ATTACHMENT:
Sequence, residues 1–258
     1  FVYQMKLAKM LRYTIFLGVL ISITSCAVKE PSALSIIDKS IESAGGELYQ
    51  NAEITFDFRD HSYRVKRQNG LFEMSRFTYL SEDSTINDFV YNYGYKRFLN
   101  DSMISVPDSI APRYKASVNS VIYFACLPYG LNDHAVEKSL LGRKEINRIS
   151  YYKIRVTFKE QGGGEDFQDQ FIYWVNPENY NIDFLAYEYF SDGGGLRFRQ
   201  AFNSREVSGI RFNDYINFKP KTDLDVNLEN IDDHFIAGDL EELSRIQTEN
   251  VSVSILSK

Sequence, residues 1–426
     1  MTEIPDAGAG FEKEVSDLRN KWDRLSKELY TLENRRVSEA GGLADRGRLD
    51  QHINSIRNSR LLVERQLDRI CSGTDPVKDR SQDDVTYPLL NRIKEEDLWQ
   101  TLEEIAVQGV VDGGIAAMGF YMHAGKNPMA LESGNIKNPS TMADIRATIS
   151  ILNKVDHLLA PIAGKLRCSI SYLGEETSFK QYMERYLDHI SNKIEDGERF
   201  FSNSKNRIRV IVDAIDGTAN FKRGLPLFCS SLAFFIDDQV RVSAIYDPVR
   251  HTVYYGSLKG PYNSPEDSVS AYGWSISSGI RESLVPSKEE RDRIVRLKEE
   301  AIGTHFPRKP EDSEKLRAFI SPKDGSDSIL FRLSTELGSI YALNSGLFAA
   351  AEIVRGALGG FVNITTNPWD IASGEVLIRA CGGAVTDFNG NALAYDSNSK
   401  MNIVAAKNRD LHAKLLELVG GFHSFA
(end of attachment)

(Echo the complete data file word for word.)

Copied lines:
Sequence, residues 1–258
     1  FVYQMKLAKM LRYTIFLGVL ISITSCAVKE PSALSIIDKS IESAGGELYQ
    51  NAEITFDFRD HSYRVKRQNG LFEMSRFTYL SEDSTINDFV YNYGYKRFLN
   101  DSMISVPDSI APRYKASVNS VIYFACLPYG LNDHAVEKSL LGRKEINRIS
   151  YYKIRVTFKE QGGGEDFQDQ FIYWVNPENY NIDFLAYEYF SDGGGLRFRQ
   201  AFNSREVSGI RFNDYINFKP KTDLDVNLEN IDDHFIAGDL EELSRIQTEN
   251  VSVSILSK

Sequence, residues 1–426
     1  MTEIPDAGAG FEKEVSDLRN KWDRLSKELY TLENRRVSEA GGLADRGRLD
    51  QHINSIRNSR LLVERQLDRI CSGTDPVKDR SQDDVTYPLL NRIKEEDLWQ
   101  TLEEIAVQGV VDGGIAAMGF YMHAGKNPMA LESGNIKNPS TMADIRATIS
   151  ILNKVDHLLA PIAGKLRCSI SYLGEETSFK QYMERYLDHI SNKIEDGERF
   201  FSNSKNRIRV IVDAIDGTAN FKRGLPLFCS SLAFFIDDQV RVSAIYDPVR
   251  HTVYYGSLKG PYNSPEDSVS AYGWSISSGI RESLVPSKEE RDRIVRLKEE
   301  AIGTHFPRKP EDSEKLRAFI SPKDGSDSIL FRLSTELGSI YALNSGLFAA
   351  AEIVRGALGG FVNITTNPWD IASGEVLIRA CGGAVTDFNG NALAYDSNSK
   401  MNIVAAKNRD LHAKLLELVG GFHSFA